U of T researcher finds the ‘pain trigger’
A new study led by University of Toronto researcher Dr. David Lam has discovered the trigger behind the most severe forms of cancer pain. Released in top journal Pain this month, the study points to TMPRSS2 as the culprit: a gene that is also responsible for some of the most aggressive forms of androgen-fuelled cancers.
Head of Oral and Maxillofacial Surgery at the Faculty of Dentistry, Lam’s research initially focused on cancers of the head and neck, which affect more than 550,000 people worldwide each year. Studies have shown that these types of cancers are the most painful, with sufferers experiencing pain that is immediate and localized, while pain treatment options are limited to opioid-family pharmaceuticals such as morphine.
It was while conducting clinical research at the University of California San Francisco, though, that Lam noticed something interesting. A majority of head and neck cancer patients are men – leading him to investigate a genetic marker with a known correlation to prostate cancer, TMPRSS2.
“Prostate cancer research already knows that if you have the TMPRSS2 gene marker, the prostate cancer is much more aggressive. They’ve also shown that this is androgen (male hormone) sensitive.”
In his study, Lam, who is jointly appointed as a Consultant Surgeon at the Princess Margaret Cancer Centre and a Clinician at the Mount Sinai Wasser Pain Management Centre, ascertained that TMPRSS2 was not only present in patients suffering from head and neck cancers – it was also prevalent in much greater quantities than in prostate cancer.
But was there a link to pain?
Visible on the surface of the cancer cells, TMPRSS2 comes into contact with the body’s nerve pain receptors, which then triggers the pain. Lam was also able to determine a clear, correlative relationship between the two: the more TMPRSS2 that comes into contact with nerve pain receptors, the greater pain is provoked.
Lam and his fellow researchers followed up this observation by looking at different types of cancers with known pain associations – for instance, certain breast and melanoma cell lines. These cells were grown and labelled for the TMPRSS2 genetic marker.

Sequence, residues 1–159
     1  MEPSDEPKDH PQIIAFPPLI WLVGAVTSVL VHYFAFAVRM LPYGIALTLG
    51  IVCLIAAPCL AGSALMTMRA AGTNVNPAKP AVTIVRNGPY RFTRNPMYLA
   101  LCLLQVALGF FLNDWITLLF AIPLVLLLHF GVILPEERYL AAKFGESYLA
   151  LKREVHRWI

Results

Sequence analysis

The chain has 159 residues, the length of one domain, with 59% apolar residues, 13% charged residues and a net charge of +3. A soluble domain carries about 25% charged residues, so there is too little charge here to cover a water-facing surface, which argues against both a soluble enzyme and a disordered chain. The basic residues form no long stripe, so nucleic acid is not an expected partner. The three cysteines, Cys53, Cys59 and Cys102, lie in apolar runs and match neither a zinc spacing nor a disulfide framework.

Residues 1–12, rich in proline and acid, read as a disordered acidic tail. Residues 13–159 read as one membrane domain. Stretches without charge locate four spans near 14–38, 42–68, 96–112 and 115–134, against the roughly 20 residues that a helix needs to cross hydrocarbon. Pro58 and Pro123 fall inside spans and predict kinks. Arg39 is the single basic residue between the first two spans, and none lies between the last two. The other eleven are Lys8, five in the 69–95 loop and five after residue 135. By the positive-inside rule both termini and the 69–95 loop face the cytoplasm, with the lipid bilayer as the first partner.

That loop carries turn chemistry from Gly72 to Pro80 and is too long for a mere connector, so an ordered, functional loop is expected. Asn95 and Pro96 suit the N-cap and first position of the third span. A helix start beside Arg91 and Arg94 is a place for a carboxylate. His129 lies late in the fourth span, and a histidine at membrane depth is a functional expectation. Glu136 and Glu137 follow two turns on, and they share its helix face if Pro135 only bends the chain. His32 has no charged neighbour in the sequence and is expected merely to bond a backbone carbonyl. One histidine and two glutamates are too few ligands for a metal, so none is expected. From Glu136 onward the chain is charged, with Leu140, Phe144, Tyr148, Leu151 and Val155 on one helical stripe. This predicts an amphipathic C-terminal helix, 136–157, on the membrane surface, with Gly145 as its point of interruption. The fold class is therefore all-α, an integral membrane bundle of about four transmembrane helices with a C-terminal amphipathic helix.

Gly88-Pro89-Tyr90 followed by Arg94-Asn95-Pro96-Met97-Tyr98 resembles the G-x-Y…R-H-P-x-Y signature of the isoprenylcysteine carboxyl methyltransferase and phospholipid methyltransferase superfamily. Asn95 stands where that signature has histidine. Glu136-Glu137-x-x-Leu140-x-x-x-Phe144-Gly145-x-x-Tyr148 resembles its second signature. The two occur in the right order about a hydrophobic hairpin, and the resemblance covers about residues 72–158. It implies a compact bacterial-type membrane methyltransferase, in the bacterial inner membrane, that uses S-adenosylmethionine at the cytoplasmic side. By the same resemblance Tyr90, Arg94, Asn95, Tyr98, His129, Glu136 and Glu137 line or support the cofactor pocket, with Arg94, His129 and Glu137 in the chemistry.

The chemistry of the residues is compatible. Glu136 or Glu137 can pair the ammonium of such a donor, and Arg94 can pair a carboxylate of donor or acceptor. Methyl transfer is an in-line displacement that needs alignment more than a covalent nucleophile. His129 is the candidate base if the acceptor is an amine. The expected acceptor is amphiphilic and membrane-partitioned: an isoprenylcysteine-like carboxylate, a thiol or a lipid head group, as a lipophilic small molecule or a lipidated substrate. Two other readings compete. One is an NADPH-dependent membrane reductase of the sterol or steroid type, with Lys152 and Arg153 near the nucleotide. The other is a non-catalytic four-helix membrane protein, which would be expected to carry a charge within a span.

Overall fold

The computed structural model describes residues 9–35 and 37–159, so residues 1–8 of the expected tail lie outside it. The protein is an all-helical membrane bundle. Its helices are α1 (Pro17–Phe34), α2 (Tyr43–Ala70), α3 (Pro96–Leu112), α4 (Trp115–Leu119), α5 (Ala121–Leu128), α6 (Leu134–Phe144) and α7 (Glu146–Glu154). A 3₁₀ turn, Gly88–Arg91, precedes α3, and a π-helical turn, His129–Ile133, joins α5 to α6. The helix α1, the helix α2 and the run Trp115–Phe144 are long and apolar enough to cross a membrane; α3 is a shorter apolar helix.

According to clinical data, head and neck cancer is the most painful form of cancer, followed by prostate cancer, while melanoma, or skin cancer, sits at the bottom of the pain scale.
But what surprised the researchers was that the presence and amount of TMPRSS2 in these cancer cell cultures stood in exact correlation with the known level of pain each cancer causes.
“It was exactly what we know clinically about pain association,” adds Lam.
A New Direction for Drug Research
The startling discovery of TMPRSS2’s role in triggering cancer pain may lead to the creation of targeted cancer pain therapies that effectively shut down the expression of this gene or its ability to infiltrate pain receptors in the body.
Dr. Brian Schmidt, Professor at New York University College of Dentistry, Director of the Bluestone Center for Clinical Research and a co-author of the study states, “The discovery that TMPRSS2 drives cancer pain demonstrates another way that cancers lead to suffering. Inhibition of its activity in patients might provide a new form of treatment for cancer pain.”
“Any cancer that is painful before initiating drug treatment – we can label the cancer cells for TMPRSS2 and look for this particular marker,” explains Lam, who adds that the most effective approach to ending pain would be to target the production and expression of the pain gene.
But there may be other ramifications to the TMPRSS2 study: further research may yet uncover what role the increased expression of TMPRSS2 plays in the aggressiveness and morbidity rates associated with certain aggressive cancers – and whether or not shutting down the pain gene will have any other beneficial side effects than reducing discomfort.
The study also involved researchers from New York University and the Forsyth Institute (Cambridge).